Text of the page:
I found Catcher in the Rye and was heading toward the coffee counter, but to get there I had to go through the fantasy and sci-fi section. Like a drug addict, I had to walk the isles. I smiled at the new book covers on Terry Brooks, Sword of Shannara. I loved those books. I looked over the new books in the Dragonlance Sagas.

Books appeared in my hand and I was obligated to read their covers and flip through sampling their words. Reluctantly, I returned them to the shelf and committed their titles to memory for further exploration later. The cover art on fantasy novels usual depicts the protagonist in an epic battle against some beast or the antagonist. Some of them are taking a more cartoonish or animated look, which I don’t especially like. George R.R. Martin’s Game of Thrones series does not do this. The cover is very simple the hilt of a sword, a crown, or a goblet. It is not flashy but catches your eye because it is different among the color of the other covers.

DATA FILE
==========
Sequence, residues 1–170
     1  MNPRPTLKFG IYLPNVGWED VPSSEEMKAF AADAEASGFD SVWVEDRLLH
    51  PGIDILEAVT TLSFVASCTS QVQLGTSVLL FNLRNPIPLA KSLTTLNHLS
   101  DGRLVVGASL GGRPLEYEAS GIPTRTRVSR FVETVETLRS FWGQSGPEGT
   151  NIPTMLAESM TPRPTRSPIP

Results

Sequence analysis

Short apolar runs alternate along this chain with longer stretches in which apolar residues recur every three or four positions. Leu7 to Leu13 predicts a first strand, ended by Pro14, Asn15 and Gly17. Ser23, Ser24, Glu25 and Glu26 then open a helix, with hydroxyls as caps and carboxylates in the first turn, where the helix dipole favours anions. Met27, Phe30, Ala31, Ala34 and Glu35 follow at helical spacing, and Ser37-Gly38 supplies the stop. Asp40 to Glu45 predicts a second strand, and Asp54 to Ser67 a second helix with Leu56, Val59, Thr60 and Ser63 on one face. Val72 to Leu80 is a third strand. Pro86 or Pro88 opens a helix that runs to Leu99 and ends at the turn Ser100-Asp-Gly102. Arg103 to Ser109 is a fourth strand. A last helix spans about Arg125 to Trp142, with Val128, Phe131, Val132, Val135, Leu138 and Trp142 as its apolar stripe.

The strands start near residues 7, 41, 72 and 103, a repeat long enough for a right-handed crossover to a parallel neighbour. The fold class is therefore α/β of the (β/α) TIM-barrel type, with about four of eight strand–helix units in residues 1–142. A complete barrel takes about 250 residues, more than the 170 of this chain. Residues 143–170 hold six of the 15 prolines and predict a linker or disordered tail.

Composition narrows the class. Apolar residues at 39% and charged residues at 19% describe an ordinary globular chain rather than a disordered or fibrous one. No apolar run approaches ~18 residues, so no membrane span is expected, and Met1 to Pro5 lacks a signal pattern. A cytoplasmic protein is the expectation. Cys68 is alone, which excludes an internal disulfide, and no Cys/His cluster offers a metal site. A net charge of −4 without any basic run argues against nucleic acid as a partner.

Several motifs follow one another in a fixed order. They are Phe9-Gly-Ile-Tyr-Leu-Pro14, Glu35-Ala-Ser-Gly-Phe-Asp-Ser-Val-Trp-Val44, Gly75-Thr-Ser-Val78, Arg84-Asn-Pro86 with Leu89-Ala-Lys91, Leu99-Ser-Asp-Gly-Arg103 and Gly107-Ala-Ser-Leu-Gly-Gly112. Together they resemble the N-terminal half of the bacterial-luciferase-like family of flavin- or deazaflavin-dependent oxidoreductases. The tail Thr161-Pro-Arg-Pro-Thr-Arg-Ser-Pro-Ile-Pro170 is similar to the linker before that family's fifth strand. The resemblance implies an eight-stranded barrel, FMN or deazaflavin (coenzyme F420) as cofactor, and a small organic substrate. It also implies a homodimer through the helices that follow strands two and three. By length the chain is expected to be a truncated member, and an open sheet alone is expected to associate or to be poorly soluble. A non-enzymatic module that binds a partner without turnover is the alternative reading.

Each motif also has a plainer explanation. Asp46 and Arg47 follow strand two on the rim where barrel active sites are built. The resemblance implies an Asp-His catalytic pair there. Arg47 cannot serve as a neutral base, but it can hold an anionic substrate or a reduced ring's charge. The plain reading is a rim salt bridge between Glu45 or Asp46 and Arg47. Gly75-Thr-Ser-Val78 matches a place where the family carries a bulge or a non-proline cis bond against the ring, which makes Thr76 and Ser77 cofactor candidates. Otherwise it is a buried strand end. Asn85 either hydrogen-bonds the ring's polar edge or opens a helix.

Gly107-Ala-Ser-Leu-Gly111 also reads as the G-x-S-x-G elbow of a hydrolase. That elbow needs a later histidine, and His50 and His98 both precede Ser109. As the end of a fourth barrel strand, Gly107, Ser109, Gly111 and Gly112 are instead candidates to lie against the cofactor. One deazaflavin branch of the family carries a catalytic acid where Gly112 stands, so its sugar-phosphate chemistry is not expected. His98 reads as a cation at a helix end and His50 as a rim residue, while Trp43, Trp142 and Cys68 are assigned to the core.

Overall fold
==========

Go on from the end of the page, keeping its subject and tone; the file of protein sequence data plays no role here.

I look down, more books are in my hand. How did that happen? Hmmm. The pile of books to be read in my bedroom is rather higher than I would like, if you add in the ones on my kindle, it really is a sad state of affairs, which I must address before purchasing more.

I get in line for coffee and continue my mantra Catcher in the Rye and Coffee. As I left the bookstore, there was an emptiness inside. Maybe I should find a book anonymous support group…

Are all stories horror stories?

fear one

The themes of our stories tackle tough issues. More often than not, they deal with conquering fears: Fear of the unknown, fear of others, and fear of ourselves.  The novel may be packaged as a romance, mystery, fantasy, or adventure story, but at its very core it’s about facing the things that make us tremble, sweat, and run the other way.